Some years ago I went to Ghana. I was 19, 20... and a bit more naive than I am at the moment. I wanted to explore Ghana, and I found an organization which organizes volunteering work, and decided to combine my wish for adventure with a cause, so I would go there "with a reason".
Ghana was promoted as Africa for beginners, because the people are very friendly, it is a bit more developed (or at least the capital) than most African countries, they speak English... Why I wanted to go to Ghana, is another story that would distract too much the message. Helping people was just a result, to cover the real reasons.
When I arrived in Accra, the capital of Ghana, I was really... shocked. Although I wouldn't call myself a racist, I expected slums, poor people without legs, garbage everywhere, crazy traffic, wild jungle with big trees, human-eating snakes and almost naked people... but I saw big boulevards, people in suits, big buildings...
Later, on that journey, I noticed garbage, poverty... I don't want to deny it, but I still remember how... disappointed I was, holding my cheap camera, and hoping to catch pictures of typical Africa I later could show to whole the world. Later, on that travel, I was embarrassed that African people could talk me under table (* I don't know if this is an English expression). Mother Africa taught me a lot.
Education can be simple. Pre-school where I volunteered, Agona Swedru, Ghana 2009
But... when I came back home, I told people what they expected to hear. I told them about the high toll of deaths in road accidents, about the trotro's, the vans where they try to use every square centimeter by putting as much as possible people it, and the poverty in the slums...
... I didn't tell about the development which was already present. I kept stories hidden. Why? I didn't do it on purpose. Only after talking with other people who went to Africa, following subjects at university like "Development coordination" and "problems of countries in development" by professor Develtere , as part of my study in Geography, maybe by meeting other Africans, by traveling more, and by reading more, even about mythology... I started to become more critical. Which stories, theories... are the right, or are they all right?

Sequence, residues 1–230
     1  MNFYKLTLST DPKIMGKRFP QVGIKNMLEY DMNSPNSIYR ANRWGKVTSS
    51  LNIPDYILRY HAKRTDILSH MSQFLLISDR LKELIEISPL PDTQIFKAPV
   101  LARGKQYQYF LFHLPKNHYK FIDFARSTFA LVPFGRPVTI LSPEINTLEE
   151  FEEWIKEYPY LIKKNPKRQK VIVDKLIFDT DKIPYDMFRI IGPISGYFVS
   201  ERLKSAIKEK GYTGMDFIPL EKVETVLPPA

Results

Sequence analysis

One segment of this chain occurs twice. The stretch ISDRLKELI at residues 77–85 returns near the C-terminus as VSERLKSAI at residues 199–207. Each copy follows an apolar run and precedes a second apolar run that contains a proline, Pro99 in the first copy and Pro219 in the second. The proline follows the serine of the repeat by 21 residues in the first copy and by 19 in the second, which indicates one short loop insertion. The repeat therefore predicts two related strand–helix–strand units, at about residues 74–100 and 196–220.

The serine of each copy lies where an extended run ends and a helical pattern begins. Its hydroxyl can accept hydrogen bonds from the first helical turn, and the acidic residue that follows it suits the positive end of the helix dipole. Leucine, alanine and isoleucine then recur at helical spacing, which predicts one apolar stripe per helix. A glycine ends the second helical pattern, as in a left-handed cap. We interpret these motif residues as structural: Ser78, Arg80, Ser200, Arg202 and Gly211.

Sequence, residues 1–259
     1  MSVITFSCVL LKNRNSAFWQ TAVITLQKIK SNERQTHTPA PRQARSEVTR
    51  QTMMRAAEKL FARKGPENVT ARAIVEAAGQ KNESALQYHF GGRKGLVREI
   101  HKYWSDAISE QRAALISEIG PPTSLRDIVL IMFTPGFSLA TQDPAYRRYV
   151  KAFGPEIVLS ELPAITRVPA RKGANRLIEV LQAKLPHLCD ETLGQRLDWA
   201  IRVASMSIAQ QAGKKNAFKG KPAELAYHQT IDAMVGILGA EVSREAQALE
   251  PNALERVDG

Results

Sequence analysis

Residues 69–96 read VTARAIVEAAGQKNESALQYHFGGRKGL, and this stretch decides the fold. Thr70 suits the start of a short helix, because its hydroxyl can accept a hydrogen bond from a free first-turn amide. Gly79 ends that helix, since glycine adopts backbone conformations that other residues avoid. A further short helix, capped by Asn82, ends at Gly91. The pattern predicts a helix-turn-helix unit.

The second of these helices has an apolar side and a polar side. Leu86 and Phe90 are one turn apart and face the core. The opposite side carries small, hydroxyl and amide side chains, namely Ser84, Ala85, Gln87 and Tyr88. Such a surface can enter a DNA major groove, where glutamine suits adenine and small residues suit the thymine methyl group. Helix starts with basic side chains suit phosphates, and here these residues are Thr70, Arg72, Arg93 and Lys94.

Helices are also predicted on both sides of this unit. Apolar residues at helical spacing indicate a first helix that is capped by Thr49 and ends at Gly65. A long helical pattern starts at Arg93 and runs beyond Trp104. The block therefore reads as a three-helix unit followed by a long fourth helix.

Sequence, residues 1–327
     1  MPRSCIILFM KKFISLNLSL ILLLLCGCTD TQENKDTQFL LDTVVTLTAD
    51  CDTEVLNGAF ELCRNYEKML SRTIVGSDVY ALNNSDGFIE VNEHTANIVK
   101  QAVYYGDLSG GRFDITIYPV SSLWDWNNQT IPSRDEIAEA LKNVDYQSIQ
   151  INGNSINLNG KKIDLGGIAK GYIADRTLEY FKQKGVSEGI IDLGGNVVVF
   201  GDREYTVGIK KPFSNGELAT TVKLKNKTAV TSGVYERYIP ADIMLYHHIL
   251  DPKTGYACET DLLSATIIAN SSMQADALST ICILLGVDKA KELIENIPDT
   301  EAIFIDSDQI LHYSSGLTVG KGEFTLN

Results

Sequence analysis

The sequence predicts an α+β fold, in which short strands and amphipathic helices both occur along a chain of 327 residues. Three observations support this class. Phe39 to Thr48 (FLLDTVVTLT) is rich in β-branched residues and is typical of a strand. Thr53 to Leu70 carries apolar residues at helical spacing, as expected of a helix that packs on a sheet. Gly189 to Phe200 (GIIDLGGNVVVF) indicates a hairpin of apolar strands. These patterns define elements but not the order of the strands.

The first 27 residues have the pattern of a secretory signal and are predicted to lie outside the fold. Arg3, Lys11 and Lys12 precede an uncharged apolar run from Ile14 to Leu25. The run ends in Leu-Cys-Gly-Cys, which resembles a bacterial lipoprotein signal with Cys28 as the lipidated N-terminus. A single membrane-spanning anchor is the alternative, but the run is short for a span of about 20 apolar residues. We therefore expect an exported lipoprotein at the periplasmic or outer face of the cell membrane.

One day one of my good friends in Belgium let me watch the TED-speech by Chimamanda Adichie, a novelist from Nigeria, called "The Danger of a Single Story". In this video Adichie warns that if we hear only a single story about another person or country, we risk a misunderstanding. When she told how the media always use the same stereotypes, or "single story" to portray Africa, I time-traveled to that 19-20 year old version of me, who was disappointed that she couldn't take photographs of poor almost naked Africans. I realised how I was trapped by the media, and worse... that I had seen other "stories" about Africa, and didn't share.
I was not better than all these people who use stereotypes to deny people from a certain country, culture, gender... give a job, an opportunity, because sometimes "these discriminating people" don't know better. I had the tool, namely a simple story, even more simple stories, to tell my environment, but I didn't. In the last months... I realize more and more that I want to tell stories about amazing people, share my experiences in the different cultures, which are not reported, or not told enough... and use media, not as a tool to simplify the truth, but to show the whole, the complexity of the truth... to make more people critical... so more misunderstandings can be avoided. Let us tell stories... to break stereotypes... to break taboos...
... so we can create chances.
|A street in Accra, Ghana 2009. People don't look that poor... in this picture.|
This is also not the best street. There are streets with really high buildings.
I know I'll always offend people, but please also share your opinion, if the story gives you negative thoughts. I love to learn.
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The danger of a Single Story
TEDGlobal, July 2009, Oxford, UK, duration: 18:49